There are very few positive male characters in your books. Most of the men are weak or boastful or absent or bullies. Is that a reflection of the society you have grown up in, or does it reflect the imbalance of power between men and women in wider society? Has that imbalance improved or changed in recent years?
I grew up in a world where it seemed normal that men (fathers, brothers, boyfriends) had the right to hit you in order to correct you, to teach you how to be a woman, ultimately for your own good. Luckily today much has changed but I still think the men who can really be trusted are a minority. Maybe this is because the milieu that shaped me was backward. Or maybe (and this is what I tend to believe) it’s because male power, whether violently or delicately imposed, is still bent on subordinating us. Too many women are humiliated every day and not just on a symbolic level. And, in the real world, too many are punished, even with death, for their insubordination.
Your novels seem to be concerned with boundaries — emotional, geographical, social — and what happens when those boundaries are crossed or broken down. Is that something that particularly affects women of a certain age or class, or does it apply to all?
The awareness of limits keeps weighing down on women — I’m talking about women in general. This isn’t a problem while we’re dealing with self-regulation: it’s important to set limits for oneself. The problem is that we live within limits set by others, and we are disapproving of ourselves when we fail to respect them. Male boundary-breaking does not automatically entail negative judgments, it’s a sign of curiosity and courage. Female boundary-breaking, especially when it is not undertaken under the guidance or supervision of men, is still disorientating: it is loss of femininity, it is excess, perversion, disease.
You refer to characters “liquefying” or “dissolving” as a way of describing emotional breakdown. Is that a feeling you recognise — in yourself? In others?
I have seen it in my mother, in myself, in many women. We experience too many ties that choke our desires and ambitions. The modern world subjects us to pressures that at times we are not able to bear.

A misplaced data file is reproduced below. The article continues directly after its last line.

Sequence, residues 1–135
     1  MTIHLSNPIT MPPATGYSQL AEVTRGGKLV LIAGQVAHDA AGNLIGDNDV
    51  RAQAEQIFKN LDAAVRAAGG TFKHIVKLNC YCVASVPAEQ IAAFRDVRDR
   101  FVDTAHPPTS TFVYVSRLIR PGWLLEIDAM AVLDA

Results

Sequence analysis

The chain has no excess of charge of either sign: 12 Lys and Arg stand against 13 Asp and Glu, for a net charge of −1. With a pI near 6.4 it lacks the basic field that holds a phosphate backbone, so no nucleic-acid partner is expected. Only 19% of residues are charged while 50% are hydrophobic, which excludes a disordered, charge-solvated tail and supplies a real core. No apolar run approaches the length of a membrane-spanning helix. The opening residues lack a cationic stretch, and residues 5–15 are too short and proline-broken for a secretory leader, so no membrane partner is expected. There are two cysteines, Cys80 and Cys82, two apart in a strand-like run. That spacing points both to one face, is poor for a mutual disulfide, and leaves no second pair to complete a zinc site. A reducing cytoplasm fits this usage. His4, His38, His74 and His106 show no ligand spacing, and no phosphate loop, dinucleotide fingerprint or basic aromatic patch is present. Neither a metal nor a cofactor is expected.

The narrators in your novels find motherhood difficult. It devours them, reduces them, they long to escape it, and when they do, they feel liberated. Do you feel women would be stronger if they didn’t have to bear the burdens of motherhood?
No, that’s not the point. The point is what we tell ourselves about motherhood and child-rearing. If we keep talking about it in an idyllic way, like in many handbooks on motherhood, we will continue to feel alone and guilty when we brush up against the frustrating aspects of being a mother.
The task of a woman writer today is not to stop at the pleasures of the pregnant body, of birth, of bringing up children, but to delve truthfully into the darkest depth.
The Neapolitan novels have similarities of character and plot to your three earlier novels. Are you, in some ways, telling the same story?
Not the same story but definitely the same features of a single malady. Life’s wounds are incurable and you write them and rewrite them in the hope of being able, sooner or later, to construct a narrative that will account for them once and for all.
- FT Magazine, interview with Women of 2015: Elena Ferrante, writer